PASADENA, Calif. — A divided Ninth Circuit U.S. Court of Appeals on Nov. 13 upheld a denial of class certification in a Sherman Act suit accusing Apple Inc. of conspiring with AT&T Mobility LLC to monopolize market for iPhone service, finding that the plaintiffs’ expert failed to “provide a workable method for classwide determination of the impact of the alleged antitrust violation” (Zack Ward, et al. v. Apple Inc., No. 18-16016, 9th Cir., 2019 U.S. App. LEXIS 33854).
SAN FRANCISCO — A putative class action filed Oct. 31 in California federal court alleges that Facebook Inc. has facilitated and encouraged financial services providers to discriminate in violation of California’s Unruh Civil Rights Act by specifically targeting their advertisements to exclude women and older people from receiving them (Neuhtah Opiotennione v. Facebook Inc., No. 3:19-cv-07185, N.D. Calif.).
DENVER — A 10th Circuit U.S. Court of Appeals panel on Nov. 6 affirmed a verdict and judgment against a man who solicited hackers to partake in a cyberattack against an astronomy supplies website and forum, finding the verdict and $27,000 restitution award to be supported by evidence and testimony (United States v. David Chesley Goodyear, No. 18-6222, 10th Cir., 2019 U.S. App. LEXIS 33179).
WASHINGTON, D.C. — Allegations by an internet-based subscription news and research service that Bloomberg L.P. misappropriated proprietary information under the common-law “hot news” doctrine were dismissed without prejudice on Nov. 12 by a federal judge in the District of Columbia (DBW Partners LLC d/b/a The Capitol Forum v. Bloomberg L.P., et al., No. 19-311, D. D.C., 2019 U.S. Dist. LEXIS 195725).
DALLAS — The Federal Trade Commission on Nov. 5 filed a brief in Texas federal court opposing a motion by Match Group Inc. to dismiss the commission’s claims that the dating website operator engaged in deceptive and unfair practices to induce consumer subscriptions (Federal Trade Commission v. Match Group Inc., No. 3:19-cv-02281, N.D. Texas).
By Hiram Kuykendall
SAN FRANCISCO — A Ninth Circuit U.S. Court of Appeals panel on Nov. 8 denied without comment a petition by LinkedIn Corp. to rehear an appeal of a trial court ruling that established an injunction permitting an analytics firm to collect publicly available user data from LinkedIn’s professional network (hiQ Labs Inc. v. LinkedIn Corp., No. 17-16783, 9th Cir.).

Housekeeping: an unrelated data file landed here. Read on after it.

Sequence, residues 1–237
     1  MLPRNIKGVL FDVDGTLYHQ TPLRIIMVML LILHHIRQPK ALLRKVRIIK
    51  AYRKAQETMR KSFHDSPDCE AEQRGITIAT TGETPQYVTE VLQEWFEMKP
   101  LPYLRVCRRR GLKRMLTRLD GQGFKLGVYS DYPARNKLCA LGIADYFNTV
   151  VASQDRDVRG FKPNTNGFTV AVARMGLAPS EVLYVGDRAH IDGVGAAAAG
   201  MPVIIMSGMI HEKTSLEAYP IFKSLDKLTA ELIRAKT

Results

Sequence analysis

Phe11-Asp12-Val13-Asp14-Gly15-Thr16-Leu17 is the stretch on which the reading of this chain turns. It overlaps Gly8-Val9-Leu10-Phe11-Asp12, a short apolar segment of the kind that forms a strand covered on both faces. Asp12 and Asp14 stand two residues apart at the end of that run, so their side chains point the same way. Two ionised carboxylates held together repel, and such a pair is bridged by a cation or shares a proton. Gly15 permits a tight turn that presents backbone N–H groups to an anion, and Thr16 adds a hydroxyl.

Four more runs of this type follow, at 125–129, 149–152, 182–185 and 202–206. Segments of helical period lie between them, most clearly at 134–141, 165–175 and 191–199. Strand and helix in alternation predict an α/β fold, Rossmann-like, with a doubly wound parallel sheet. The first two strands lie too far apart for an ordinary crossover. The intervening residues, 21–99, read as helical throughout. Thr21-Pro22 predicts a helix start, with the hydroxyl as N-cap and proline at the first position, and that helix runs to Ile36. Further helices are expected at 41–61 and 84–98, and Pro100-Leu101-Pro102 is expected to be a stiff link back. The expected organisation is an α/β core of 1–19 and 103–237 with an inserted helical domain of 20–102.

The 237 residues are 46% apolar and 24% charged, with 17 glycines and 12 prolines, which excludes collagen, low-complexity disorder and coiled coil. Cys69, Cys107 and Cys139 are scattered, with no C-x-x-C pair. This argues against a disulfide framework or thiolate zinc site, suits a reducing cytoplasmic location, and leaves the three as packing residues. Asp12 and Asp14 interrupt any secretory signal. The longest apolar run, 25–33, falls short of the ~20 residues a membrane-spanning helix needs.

SPRINGFIELD, Mass. — In a Nov. 8 electronic order, a Massachusetts federal magistrate judge reported that a deaf civil rights group and Harvard University have successfully settled putative class claims over the purported inaccessibility of the university’s website to the hearing-impaired (National Association of the Deaf, et al. v. Harvard University, et al., No. 3:15-cv-30023, National Association of the Deaf, et al. v. Massachusetts Institute of Technology, No. 3:15-cv-30024, D. Mass.).
LOS ANGELES — In a Nov. 6 status report, a plaintiff informed a California federal court that a luxury property at the heart of its lawsuit against online real estate listing provider Zillow Inc. over a hacked online listing recently sold for $94 million, resulting in a fixed damages amount for its negligence claim (924 Bel Air Road LLC v. Zillow Group Inc., et al., No. 2:19-cv-01368, C.D. Calif.).
FORT WORTH, Texas — A federal judge in Texas on Nov. 7 denied a motion to dismiss allegations that a defendant violated the Digital Millennium Copyright Act (DMCA), 17 U.S.C. § 1202(b), when it removed copyright management information (CMI), rejecting the defendant’s position that the claim cannot proceed because the technical drawings in dispute are unregistered (Diamondback Industries Inc. v. Repeat Precision, et al., No. 18-902, N.D. Texas, 2019 U.S. Dist. LEXIS 193637).
WASHINGTON, D.C. — The U.S. Supreme Court on Nov. 8 announced that it will take on a dispute between the U.S. Patent and Trademark Office (PTO) and a travel website over the significance of adding a top-level domain (TLD) such as “.com” to an otherwise generic, unregistrable trademark (U.S. Patent and Trademark Office, et al. v. Booking.com B.V., No. 19-46, U.S. Sup.).